The authors found in post-I reflection, the numerical simulations displayed regular reflection, with the incident shock intersecting the SOSW to create a single triple point. The Mach and pressure contours showed a triangular shock structure, confirming the type I interaction pattern. The time evolution of the shock lengths indicated a pseudo-steady state, and demonstrated self-similarity in the flow field. In post-II reflection, the authors’ results showed Mach reflection, with multiple triple points forming at the interaction of the IS and SNE. The shock polars illustrated the presence of a Mach stem and reflected shocks, and validated the type II interaction. The self-similarity of the flow was evident from the linear relationship between the shock lengths and the non-dimensional time.

The researchers also explored combined pre- and post-shock reflections, and found  these combined configurations to have more complex interaction patterns. For instance, they reported for pre-IV and post-II reflection, the simulations showed that the pre-IV reflection pattern formed at the nominal intersection point of the IS and SOR, while the post-II reflection pattern emerged at the interaction of the IS and SNE. The combined reflection resulted in additional shock interactions and the formation of further triple points, and created a more intricate flow structure. On the other hand, pre-V and post-II reflection, in this scenario, the pre-V reflection pattern was observed at the nominal intersection point, with three triple points characteristic of type V interaction. The post-II reflection pattern was also present, which lead to further reflections over the wedge and the formation of Mach stems. The combination of these patterns resulted in a highly complex shock interaction network. In contrast, pre-VI and post-II Reflection, the pre-VI reflection pattern, with a supersonic jet between two slip lines, was combined with the post-II reflection pattern. They showed that part of the post-II structure merged with the pre-VI pattern, which resulted in a combined shock structure with significant pressure variations along the wedge surface.

In conclusion Dr. Miaomiao Wang and colleagues advanced our understanding of the complex interactions between ROMOS and SOSW. With the better knowledge of the mechanisms of shock interactions, the observations can be directly applied to the design and optimization of high-speed aircraft, missiles, and space vehicles and help improve the aerodynamic efficiency and structural integrity of these vehicles which leads to safer and more effective designs. Moreover, the findings on the shock-on-shock interactions can be used to enhance the performance of supersonic inlets, which are critical components in high-speed propulsion systems. Furthermore, the work can be applied to the design and operation of shock tunnels and wind tunnels, which are essential the testing and validation of high-speed aerodynamic concepts.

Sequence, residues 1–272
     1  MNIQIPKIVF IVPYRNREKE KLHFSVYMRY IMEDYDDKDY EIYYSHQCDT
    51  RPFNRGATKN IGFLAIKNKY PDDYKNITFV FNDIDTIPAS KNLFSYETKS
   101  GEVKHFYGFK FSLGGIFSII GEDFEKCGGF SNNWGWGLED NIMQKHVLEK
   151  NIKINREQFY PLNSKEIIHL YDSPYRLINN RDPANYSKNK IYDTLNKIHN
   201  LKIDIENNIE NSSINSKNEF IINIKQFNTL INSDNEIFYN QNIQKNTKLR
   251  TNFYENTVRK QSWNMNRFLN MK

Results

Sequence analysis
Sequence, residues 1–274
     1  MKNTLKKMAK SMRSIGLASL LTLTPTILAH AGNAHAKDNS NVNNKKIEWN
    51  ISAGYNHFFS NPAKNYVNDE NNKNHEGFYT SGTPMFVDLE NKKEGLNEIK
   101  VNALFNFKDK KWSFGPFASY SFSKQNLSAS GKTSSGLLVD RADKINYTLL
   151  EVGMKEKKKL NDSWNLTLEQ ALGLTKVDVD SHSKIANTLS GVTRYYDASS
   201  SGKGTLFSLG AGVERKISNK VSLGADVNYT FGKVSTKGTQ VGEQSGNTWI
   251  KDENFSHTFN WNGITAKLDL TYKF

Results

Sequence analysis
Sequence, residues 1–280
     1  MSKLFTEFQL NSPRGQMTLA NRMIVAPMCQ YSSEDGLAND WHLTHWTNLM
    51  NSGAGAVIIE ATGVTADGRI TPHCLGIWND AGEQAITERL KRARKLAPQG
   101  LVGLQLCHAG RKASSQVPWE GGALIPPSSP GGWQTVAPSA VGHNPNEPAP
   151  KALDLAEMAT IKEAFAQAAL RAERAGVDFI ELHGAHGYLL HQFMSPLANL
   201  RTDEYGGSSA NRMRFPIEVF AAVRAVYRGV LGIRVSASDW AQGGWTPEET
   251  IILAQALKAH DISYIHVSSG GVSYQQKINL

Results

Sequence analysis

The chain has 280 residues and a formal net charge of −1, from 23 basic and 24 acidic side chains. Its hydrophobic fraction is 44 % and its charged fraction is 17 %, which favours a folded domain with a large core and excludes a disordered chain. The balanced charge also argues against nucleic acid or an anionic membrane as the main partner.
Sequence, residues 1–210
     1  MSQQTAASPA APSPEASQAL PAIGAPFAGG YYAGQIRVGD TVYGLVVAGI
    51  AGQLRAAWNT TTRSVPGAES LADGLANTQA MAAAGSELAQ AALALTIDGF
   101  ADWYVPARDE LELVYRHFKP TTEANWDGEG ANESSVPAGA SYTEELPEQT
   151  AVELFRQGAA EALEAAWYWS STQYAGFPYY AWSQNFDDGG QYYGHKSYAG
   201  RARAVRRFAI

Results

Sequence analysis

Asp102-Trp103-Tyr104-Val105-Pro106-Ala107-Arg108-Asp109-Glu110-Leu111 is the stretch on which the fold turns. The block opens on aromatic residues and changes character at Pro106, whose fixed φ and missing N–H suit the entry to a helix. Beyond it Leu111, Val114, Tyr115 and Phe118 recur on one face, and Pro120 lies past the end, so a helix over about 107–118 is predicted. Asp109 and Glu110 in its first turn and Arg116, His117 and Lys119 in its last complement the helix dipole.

About the author

Miaomiao Wang received the B.S. degree in Mechanics from Tianjin University, Tianjin, China, in 2020 and the Ph.D. degree in Fluid Mechanics from Tsinghua University, Beijing, China, in 2024. From 2024 till now, he was a Postdoctoral Research Fellow with school of aerospace engineering of Tsinghua University. Her current research interests include shock interaction and shock reflection problem, especially with moving incident shock. She was the recipient of“Future Scholar Scholarship” in Tsinghua university(2020/08), “National Scholarship for Postgraduate/Graduate students”(2022/12), “Scientific Research and Exploration Single Scholarship” School of aerospace engineering, Tsinghua university, 2022/12. She has win the “Outstanding poster” in JFM/FLOW Symposium China 2023.


Wang M, Xu Z, Wu Z. Reflection of a rightward-moving oblique shock of first family over a steady oblique shock wave. Journal of Fluid Mechanics. 2024;979:A28. doi:10.1017/jfm.2023.988

Go to Journal of Fluid Mechanics.

Check Also

Elucidating Fluid-Structure Interactions: Studying the Propulsion of Flexible Foils - Advances in Engineering

Elucidating Fluid-Structure Interactions: Studying the Propulsion of Flexible Foils